Forensic scientists to strike over 1.1% pay offer

Forensic scientists to strike over 1.1% pay offer

Forensic scientists have voted overwhelmingly for a one-day strike after management failed to improve on a pay award for 2003.

In a ballot of Prospect’s 1,300 members working in the Forensic Science Service (FSS), members voted by three to one to undertake a one-day strike on June 2 followed by an overtime ban and work-to-rule.

A decision reflects the anger among members that, nine months after the due settlement date, FSS management still refuses to improve its 2003 below-inflation pay offer of 1.125%.

Announcing the ballot result during Prospect’s biennial national conference, General Secretary Paul Noon said: "This is a further blow to dedicated public servants who are already demoralised by the Home Secretary’s announcement that he plans to sell-off FSS, making Britain the only country in the world with a privatised forensic science service.

"Our members are fiercely proud of the work they do. It helps the guilty to be caught and the innocent to remain free. Their concerns that privatisation will damage the FSS seem to be ignored, now management is sending a clear message that they should be refused a reasonable wage."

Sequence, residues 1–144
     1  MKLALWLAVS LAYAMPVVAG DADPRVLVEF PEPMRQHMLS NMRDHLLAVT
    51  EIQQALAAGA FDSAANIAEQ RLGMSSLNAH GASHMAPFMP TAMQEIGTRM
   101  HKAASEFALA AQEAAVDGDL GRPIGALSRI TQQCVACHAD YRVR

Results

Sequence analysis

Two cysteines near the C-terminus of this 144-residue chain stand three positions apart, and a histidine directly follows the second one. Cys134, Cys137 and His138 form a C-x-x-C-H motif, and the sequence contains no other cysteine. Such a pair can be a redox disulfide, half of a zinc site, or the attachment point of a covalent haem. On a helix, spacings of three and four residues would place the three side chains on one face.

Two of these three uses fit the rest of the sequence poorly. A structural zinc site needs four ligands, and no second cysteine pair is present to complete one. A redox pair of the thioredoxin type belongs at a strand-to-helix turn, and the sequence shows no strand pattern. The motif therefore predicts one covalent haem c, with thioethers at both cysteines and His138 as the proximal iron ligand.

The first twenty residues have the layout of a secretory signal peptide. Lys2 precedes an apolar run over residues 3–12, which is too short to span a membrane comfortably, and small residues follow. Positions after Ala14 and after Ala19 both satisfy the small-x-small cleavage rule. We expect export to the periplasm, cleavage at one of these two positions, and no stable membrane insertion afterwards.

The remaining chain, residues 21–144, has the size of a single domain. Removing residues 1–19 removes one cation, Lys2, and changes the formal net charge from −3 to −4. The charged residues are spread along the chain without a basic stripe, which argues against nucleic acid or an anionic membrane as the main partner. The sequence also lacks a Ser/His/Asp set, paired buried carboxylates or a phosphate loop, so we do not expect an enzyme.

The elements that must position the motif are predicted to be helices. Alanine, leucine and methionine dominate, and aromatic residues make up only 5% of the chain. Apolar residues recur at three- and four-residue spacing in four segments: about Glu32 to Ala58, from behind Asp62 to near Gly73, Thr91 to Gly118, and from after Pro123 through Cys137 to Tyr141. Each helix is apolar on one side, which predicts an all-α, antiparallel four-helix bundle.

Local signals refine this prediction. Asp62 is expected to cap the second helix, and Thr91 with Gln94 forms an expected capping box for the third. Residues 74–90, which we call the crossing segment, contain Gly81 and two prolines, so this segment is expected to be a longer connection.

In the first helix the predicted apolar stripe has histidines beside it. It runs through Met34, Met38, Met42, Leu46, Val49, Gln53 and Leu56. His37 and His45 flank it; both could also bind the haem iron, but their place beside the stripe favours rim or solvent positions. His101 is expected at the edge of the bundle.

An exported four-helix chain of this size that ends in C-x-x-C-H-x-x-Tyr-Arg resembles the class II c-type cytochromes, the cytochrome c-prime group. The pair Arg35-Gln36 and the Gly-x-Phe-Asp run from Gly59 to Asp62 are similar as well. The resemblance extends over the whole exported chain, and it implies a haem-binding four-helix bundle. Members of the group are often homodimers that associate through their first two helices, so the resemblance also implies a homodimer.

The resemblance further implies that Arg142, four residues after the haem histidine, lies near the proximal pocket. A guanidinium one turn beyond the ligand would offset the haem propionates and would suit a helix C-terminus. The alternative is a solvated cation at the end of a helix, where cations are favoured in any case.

Administrative staff at FSS, represented by the Public and Commercial Services union, also voted to take part in the strike and campaign of industrial action in an earlier ballot by a majority of two to one.

Union members at all seven FSS laboratories – Chorley (Lancashire), Wetherby (West Yorkshire), Birmingham (Trident Court and Priory House), London (Lambeth), Huntingdon (Cambridgeshire) and Chepstow (Gwent) – will take part in the one-day walk out. However special dispensation will be given to staff giving presenting evidence in ongoing court cases or called to emergency crime scenes.